>> Friday, July 9, 2010
Whiter than Snow by Sandra Dallas
Publication Date: 2010
Source: Copy provided by publicist/publisher
The Short Version:
Interesting historical fiction about the families in a Colorado mining town who are affected by a devastating avalanche in 1920.
Why I Read It:
I’d read a couple of Sandra Dallas’s earlier books several years ago and remembered them to be enjoyable reads, so when I was offered a copy of her latest book I decided to give it a try.
On an April afternoon in 1920 an avalanche races down the mountainside in the remote mountain mining town of Swandyke. Nine children walking home from school are buried in the snow and only some of them survive.
The middle and main portion of the book takes a step back from both the avalanche story and the present time to tell the history of the families of the children involved. Each chapter is the story of a different parent or guardian who will soon be wondering if their child is alive. Lucy and Dolly are sisters who grew up in Swandyke, but haven’t spoken in years. Joe Cobb came to Swandyke with his daughter because life as a black man there is better than in the South. Grace Foote grew up privileged and married in haste to run from scandal. Minder Evans carries his memories of the Civil War and tries to raise his grandson as best as he can. Esther Schnable is a local prostitute who keeps the fact that her daughter is being raised by a friend in Swandyke a secret from everyone.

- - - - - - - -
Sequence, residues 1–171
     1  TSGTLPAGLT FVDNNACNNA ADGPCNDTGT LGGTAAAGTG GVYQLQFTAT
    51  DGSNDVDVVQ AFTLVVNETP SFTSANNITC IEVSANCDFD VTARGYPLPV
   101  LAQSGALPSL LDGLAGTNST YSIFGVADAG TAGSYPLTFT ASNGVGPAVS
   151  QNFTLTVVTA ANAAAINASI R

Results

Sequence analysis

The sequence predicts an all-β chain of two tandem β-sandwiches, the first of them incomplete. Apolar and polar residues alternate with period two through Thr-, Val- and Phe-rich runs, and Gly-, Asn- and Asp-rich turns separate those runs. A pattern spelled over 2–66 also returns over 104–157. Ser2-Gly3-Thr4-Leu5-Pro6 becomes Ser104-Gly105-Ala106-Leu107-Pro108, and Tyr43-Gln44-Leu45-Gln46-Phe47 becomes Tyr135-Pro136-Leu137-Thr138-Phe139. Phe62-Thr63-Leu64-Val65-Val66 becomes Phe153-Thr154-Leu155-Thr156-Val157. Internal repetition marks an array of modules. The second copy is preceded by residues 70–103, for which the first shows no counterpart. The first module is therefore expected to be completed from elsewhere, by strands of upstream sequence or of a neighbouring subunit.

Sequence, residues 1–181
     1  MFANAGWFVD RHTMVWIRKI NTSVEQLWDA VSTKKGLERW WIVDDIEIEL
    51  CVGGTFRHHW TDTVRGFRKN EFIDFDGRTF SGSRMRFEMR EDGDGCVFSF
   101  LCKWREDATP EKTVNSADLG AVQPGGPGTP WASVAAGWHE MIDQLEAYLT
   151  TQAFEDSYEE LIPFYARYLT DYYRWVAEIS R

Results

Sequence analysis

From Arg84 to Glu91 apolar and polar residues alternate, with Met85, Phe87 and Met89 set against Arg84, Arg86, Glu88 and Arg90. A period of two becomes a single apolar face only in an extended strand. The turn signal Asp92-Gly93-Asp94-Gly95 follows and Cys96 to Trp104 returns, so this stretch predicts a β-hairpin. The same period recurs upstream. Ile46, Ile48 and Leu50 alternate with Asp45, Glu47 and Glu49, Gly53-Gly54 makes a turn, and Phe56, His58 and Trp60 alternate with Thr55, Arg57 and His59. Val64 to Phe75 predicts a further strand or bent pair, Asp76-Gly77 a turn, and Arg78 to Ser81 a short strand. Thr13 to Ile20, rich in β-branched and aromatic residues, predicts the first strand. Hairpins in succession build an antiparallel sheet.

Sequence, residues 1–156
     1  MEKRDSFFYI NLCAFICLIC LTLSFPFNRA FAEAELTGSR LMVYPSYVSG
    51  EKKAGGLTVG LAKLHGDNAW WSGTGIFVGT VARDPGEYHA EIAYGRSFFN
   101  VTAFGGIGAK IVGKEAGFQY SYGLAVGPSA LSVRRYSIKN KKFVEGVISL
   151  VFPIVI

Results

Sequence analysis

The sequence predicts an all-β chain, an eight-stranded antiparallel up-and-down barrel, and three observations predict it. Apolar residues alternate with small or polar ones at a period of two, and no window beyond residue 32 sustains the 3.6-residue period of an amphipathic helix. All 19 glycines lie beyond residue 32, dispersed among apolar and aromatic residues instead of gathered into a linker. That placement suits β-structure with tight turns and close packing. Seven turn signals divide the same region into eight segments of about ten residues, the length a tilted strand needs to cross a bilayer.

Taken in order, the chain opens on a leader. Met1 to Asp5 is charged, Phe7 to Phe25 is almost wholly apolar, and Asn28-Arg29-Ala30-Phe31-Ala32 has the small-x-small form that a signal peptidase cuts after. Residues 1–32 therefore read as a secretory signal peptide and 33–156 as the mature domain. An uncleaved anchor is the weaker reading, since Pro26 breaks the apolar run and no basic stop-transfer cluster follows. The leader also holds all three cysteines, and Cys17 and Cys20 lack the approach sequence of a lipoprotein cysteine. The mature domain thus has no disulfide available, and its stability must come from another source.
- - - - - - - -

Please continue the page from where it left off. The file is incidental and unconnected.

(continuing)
The tragedy brings about change, forgiveness, loss, hope, and love for everyone in town.
Since by the end of the first chapter I knew how many of the endangered children survived it was clear that several of the people I read about in the middle of the book would be faced with devastating news in the final chapters.
As I read each chapter I found myself thinking please let this person’s child or children survive. The stories of how they all came to be in Swandyke and have their lives and their children’s lives intertwined are interesting and both sad and hopeful along the way.
It’s a fairly short book, so none of the multiple plots are extensively developed, but it reads more like related short stories with the avalanche and its aftermath bringing them together and finally connecting them.
It’s a bit predictable at times with each of the main characters managing to face their past and either forgive, reveal, let go or find peace as I expected from this author.
Although not the type of book I read a lot of, it was a nice change of pace and an interesting story